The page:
Uzbek militants seek Western media attention during May 13 uprising

A witness in the trial of 15 men suspected of organizing an uprising in Uzbekistan said Monday that some of the militants sought the attention of Western media.

Abdukarim Almatov, an elderly taxi driver, said two gunmen forced him to take them to the city hall building where a BBC reporter waited to interview them during the May 13 uprising in the eastern city of Andijan.

The Central Asian nation's government appears to be using the carefully choreographed trial to try to refute accusations that government troops killed hundreds of unarmed civilians in their crackdown on the protest and to back up its allegations that the unrest was funded and organized by extremist Islamic groups from abroad.

Many defendants and witnesses in the trial that began last month claimed that Western correspondents were giving instructions and advice to the uprising's participants - the testimony that conformed to officials' claims, the AP reports.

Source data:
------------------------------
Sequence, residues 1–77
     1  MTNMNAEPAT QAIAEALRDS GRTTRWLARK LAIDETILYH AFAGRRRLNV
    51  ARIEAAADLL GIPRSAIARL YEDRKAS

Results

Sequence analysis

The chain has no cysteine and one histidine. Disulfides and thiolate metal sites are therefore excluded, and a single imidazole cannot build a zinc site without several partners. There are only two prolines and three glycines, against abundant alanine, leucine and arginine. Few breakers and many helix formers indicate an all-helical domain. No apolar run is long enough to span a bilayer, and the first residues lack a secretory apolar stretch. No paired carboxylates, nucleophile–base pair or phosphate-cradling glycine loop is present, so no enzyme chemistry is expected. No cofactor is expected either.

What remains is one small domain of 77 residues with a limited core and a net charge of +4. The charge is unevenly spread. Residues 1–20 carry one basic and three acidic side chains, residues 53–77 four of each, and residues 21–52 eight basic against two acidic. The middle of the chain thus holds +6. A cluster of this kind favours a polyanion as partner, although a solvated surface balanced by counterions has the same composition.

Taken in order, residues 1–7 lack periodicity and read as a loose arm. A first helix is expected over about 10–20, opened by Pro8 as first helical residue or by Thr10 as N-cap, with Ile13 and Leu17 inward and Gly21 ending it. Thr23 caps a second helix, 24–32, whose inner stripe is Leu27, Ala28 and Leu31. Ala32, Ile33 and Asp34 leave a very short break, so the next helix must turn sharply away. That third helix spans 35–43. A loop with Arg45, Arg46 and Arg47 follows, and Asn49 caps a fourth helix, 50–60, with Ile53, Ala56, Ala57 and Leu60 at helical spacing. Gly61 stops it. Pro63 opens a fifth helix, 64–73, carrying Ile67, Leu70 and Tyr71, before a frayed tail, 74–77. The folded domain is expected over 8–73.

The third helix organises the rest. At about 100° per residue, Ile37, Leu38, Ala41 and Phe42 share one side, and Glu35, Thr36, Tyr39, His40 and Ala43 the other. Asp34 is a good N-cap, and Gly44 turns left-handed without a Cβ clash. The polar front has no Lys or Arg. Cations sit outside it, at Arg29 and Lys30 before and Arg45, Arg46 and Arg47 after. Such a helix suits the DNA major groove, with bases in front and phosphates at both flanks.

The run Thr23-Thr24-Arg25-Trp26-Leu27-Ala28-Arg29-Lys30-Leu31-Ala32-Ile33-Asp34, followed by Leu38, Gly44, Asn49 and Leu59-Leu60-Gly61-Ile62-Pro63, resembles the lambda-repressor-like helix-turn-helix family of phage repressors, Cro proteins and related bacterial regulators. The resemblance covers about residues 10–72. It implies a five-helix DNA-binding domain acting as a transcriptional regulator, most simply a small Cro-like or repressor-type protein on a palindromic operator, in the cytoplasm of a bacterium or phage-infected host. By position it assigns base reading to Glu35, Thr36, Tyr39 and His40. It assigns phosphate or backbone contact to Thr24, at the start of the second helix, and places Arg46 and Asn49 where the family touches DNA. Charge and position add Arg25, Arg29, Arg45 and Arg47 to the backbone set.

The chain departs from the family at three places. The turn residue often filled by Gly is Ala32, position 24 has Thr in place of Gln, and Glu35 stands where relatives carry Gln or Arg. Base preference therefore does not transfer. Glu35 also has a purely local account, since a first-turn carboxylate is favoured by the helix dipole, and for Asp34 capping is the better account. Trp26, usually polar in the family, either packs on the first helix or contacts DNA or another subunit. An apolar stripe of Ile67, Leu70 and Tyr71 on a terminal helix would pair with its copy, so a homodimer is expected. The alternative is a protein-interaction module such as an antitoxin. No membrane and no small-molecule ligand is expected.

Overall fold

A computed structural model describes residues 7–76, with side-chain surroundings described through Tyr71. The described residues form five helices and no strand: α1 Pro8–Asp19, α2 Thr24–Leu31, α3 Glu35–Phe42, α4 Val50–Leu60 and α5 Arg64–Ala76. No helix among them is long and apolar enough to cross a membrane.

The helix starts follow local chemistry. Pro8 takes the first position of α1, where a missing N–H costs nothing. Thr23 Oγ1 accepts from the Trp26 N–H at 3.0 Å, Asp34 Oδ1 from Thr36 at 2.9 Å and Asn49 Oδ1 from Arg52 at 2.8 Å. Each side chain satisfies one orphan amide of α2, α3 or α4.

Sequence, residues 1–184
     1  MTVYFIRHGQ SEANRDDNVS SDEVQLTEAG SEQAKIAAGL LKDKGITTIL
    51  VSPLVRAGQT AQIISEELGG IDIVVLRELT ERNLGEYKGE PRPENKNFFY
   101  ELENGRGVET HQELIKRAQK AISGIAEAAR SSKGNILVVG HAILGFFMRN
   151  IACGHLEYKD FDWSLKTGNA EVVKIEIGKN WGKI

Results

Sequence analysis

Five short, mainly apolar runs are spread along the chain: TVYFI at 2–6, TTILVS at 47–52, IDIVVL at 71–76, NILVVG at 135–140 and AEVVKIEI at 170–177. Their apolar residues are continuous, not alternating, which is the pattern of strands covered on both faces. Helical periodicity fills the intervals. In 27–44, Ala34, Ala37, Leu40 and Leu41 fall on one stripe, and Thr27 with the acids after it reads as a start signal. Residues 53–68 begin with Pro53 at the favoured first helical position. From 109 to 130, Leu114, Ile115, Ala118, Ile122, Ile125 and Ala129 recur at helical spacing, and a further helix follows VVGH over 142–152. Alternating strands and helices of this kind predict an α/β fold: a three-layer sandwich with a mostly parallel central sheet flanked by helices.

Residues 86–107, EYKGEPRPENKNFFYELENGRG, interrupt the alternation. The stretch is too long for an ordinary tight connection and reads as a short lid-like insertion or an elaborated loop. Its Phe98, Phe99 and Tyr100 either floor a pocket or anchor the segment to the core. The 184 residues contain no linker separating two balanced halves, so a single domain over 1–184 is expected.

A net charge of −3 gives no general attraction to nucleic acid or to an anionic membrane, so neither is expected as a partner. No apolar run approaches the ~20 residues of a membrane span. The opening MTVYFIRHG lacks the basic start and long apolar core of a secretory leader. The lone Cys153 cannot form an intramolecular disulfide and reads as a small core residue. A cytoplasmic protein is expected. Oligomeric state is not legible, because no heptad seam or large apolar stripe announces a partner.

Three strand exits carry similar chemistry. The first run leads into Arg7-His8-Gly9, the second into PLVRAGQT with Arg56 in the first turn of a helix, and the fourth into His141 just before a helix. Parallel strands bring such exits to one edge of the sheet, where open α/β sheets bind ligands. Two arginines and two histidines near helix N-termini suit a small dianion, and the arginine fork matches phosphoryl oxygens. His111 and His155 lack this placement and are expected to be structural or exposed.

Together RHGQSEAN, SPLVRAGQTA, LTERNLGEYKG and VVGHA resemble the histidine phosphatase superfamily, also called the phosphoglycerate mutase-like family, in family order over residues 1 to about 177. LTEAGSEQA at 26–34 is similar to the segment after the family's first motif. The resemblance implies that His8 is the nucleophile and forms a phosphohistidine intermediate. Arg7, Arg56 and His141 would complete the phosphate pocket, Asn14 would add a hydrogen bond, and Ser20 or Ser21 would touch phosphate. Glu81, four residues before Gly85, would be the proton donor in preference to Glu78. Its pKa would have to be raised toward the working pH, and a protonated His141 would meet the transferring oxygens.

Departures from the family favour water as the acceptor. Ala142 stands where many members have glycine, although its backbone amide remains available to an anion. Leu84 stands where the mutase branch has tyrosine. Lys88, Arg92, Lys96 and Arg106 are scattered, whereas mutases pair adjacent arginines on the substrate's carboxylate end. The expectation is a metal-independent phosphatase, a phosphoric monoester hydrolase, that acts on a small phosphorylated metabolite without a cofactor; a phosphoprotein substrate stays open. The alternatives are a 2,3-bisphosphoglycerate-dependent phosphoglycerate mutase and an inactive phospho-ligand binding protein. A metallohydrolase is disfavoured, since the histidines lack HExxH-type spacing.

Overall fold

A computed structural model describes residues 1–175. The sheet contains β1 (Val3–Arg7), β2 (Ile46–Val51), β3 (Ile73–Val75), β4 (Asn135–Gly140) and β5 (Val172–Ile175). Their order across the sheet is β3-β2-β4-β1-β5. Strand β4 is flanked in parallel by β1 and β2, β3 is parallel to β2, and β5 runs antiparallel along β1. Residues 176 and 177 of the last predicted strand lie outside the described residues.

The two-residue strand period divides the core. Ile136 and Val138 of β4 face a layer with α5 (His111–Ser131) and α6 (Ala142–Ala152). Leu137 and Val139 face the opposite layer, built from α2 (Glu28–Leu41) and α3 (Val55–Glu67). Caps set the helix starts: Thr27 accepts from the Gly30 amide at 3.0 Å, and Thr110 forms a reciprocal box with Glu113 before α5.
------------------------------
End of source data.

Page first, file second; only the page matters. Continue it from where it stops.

The rights groups allege the confessions in the trial have been coerced through torture. Human rights groups and refugees who fled to Kyrgyzstan claimed the government killed more than 700 people who were trying to flee Andijan's main square. The ex-Soviet republic's government said 187 people died, mostly militants.

The uprising's participants and witnesses said they were protesting against rights abuses and economic hardship.

The uprising began when militants seized a prison and freed 23 businessmen who were being tried for alleged extremism. Thousands of demonstrators then gathered in an adjacent square to complain of economic conditions. A.M.

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